A Johns Hopkins research team reports that major hospitals across the U.S. collectively throw away at least $15 million a year in unused operating room surgical supplies that could be salvaged and used to ease critical shortages, improve surgical care and boost public health in developing countries.
A report on the research, published online Oct. 16 in the World Journal of Surgery, highlights not only an opportunity for U.S. hospitals to help relieve the global burden of surgically treatable diseases, but also a means of reducing the cost and environmental impact of medical waste disposal at home.
The fact of surgical supply waste is nothing new, the researchers note, but say their investigation may be one of the first systematic attempts to measure the national extent of the problem, the potential cost savings and the impact on patients' lives. While several organizations run donation programs for leftover operating room materials, such efforts would be far more successful if they were made standard protocol across all major surgical centers, the authors say.
"Perfectly good, entirely sterile and, above all, much-needed surgical supplies are routinely discarded in American operating rooms," says lead investigator Richard Redett, MD, a pediatric plastic and reconstructive surgeon at the Johns Hopkins Children's Center. "We hope the results of our study will be a wakeup call for hospitals and surgeons across the country to rectify this wasteful practice by developing systems that collect and ship unused materials to places that desperately need them."
The staggering waste of surgical supplies, the researchers say, is rooted in the common practice of bundling surgical materials in ways that streamline operating room readiness and efficiency, but once opened, everything in the bundle that is unused is thrown away.
"Such programs are acutely needed not only to help address serious needs in resource poor-settings but also to minimize the significant environmental burden at home institutions," says study co-author Eric Wan, MD, a recent graduate of the Johns Hopkins University School of Medicine currently doing postdoctoral training at the National Institutes of Health. "This really is a win-win situation."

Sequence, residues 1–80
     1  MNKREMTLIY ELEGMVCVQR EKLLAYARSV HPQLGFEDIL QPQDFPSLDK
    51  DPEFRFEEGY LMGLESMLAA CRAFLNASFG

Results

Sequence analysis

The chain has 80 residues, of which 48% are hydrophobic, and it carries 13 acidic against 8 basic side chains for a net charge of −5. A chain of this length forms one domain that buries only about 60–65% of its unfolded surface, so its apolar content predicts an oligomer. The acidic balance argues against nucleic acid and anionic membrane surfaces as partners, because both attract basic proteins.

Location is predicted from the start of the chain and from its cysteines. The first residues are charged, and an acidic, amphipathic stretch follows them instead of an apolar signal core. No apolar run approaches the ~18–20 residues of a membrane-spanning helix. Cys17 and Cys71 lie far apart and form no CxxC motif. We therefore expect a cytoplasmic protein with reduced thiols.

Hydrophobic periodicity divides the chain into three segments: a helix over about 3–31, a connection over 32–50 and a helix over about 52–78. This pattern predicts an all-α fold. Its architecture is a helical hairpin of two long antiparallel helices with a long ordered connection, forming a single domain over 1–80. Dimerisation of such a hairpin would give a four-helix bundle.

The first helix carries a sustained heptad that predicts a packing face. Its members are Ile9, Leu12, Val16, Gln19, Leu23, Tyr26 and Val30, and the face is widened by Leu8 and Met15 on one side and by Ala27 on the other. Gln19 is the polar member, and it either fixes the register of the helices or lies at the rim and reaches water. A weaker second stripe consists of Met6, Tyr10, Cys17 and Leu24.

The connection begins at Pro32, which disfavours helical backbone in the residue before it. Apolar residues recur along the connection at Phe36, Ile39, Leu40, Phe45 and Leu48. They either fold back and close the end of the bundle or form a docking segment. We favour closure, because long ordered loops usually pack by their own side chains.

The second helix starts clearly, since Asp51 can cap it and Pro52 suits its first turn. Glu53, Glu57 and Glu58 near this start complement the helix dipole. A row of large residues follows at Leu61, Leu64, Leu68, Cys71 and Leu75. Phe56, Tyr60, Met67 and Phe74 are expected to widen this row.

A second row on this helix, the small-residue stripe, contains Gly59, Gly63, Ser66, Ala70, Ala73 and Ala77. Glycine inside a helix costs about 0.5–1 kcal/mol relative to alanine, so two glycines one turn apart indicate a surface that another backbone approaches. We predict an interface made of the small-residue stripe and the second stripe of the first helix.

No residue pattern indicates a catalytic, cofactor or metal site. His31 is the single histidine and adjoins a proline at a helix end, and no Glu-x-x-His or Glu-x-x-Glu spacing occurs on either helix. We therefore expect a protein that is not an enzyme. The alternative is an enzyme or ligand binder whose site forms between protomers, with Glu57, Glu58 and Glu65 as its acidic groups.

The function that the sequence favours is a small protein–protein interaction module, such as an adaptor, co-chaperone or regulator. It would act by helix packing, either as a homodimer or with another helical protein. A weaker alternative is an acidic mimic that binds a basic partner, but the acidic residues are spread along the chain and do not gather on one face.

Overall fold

The investigators based their estimates on an existing program that recovers and delivers unused surgical supplies from The Johns Hopkins Hospital to two surgical centers in Ecuador. The authors tracked 19 high-demand surgical items donated to the Ecuadorian hospitals over three years, then extrapolated the amount and value of the donations to 232 U.S. surgical centers with caseloads similar to that of The Johns Hopkins Hospital. The results showed that if the 232 American hospitals saved and donated unused surgical supplies, they would generate 2 million pounds of materials worth at least $15 million over a single year. Going a step further, the researchers tracked outcomes among 33 Ecuadorian patients whose surgeries were made possible as a result of the donations. Their analysis showed that donated surgical supplies prevented, on average, eight years of disability per patient.
In the study, materials topping the 19-item surgical supplies list included gauze, disposable syringes, sutures and surgical towels. However, the investigators say, it is important to tailor shipping to the specific needs of each hospital. Matching of donor leftovers to recipient need, they say, will prevent unnecessary shipping costs and avoid creating medical waste locally. In addition, the receiving hospital must have a demonstrated capability and the equipment to clean and sterilize the shipped materials before use in the operating room.
"Saving and shipping these materials is truly a low-hanging fruit enterprise, a simple strategy that could have a dramatic impact on surgical outcomes and public health in resource-poor settings and truly change people's lives," says Redett, who has been running the Johns Hopkins donation program since 2003.
The Johns Hopkins initiative, known as Supporting Hospitals Abroad with Resources and Equipment (SHARE), was modeled after a similar program launched at Yale in 1991.
Source: Johns Hopkins